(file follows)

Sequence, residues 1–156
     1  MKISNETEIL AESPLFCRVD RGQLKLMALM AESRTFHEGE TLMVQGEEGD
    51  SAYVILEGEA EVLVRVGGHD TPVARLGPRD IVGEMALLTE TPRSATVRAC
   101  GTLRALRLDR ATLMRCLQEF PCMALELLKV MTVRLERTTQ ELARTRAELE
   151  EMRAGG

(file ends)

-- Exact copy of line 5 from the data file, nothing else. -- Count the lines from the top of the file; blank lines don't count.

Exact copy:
   151  EMRAGG